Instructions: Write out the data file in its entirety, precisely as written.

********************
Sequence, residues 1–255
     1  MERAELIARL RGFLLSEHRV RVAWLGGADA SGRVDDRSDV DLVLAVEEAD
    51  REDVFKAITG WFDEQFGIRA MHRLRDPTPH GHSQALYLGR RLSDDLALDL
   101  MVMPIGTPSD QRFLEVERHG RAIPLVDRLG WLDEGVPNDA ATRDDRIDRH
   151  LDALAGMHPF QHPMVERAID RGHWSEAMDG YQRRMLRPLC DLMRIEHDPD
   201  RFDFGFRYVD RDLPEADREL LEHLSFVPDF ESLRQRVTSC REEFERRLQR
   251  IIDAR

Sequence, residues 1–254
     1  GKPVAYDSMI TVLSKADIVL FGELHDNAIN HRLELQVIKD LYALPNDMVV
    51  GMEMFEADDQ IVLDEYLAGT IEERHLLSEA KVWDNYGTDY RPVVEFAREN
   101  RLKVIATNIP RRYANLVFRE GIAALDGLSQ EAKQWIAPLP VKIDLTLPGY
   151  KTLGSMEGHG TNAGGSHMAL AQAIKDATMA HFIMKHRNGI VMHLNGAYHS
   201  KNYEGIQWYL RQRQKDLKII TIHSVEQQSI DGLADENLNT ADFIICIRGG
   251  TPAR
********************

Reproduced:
Sequence, residues 1–255
     1  MERAELIARL RGFLLSEHRV RVAWLGGADA SGRVDDRSDV DLVLAVEEAD
    51  REDVFKAITG WFDEQFGIRA MHRLRDPTPH GHSQALYLGR RLSDDLALDL
   101  MVMPIGTPSD QRFLEVERHG RAIPLVDRLG WLDEGVPNDA ATRDDRIDRH
   151  LDALAGMHPF QHPMVERAID RGHWSEAMDG YQRRMLRPLC DLMRIEHDPD
   201  RFDFGFRYVD RDLPEADREL LEHLSFVPDF ESLRQRVTSC REEFERRLQR
   251  IIDAR

Sequence, residues 1–254
     1  GKPVAYDSMI TVLSKADIVL FGELHDNAIN HRLELQVIKD LYALPNDMVV
    51  GMEMFEADDQ IVLDEYLAGT IEERHLLSEA KVWDNYGTDY RPVVEFAREN
   101  RLKVIATNIP RRYANLVFRE GIAALDGLSQ EAKQWIAPLP VKIDLTLPGY
   151  KTLGSMEGHG TNAGGSHMAL AQAIKDATMA HFIMKHRNGI VMHLNGAYHS
   201  KNYEGIQWYL RQRQKDLKII TIHSVEQQSI DGLADENLNT ADFIICIRGG
   251  TPAR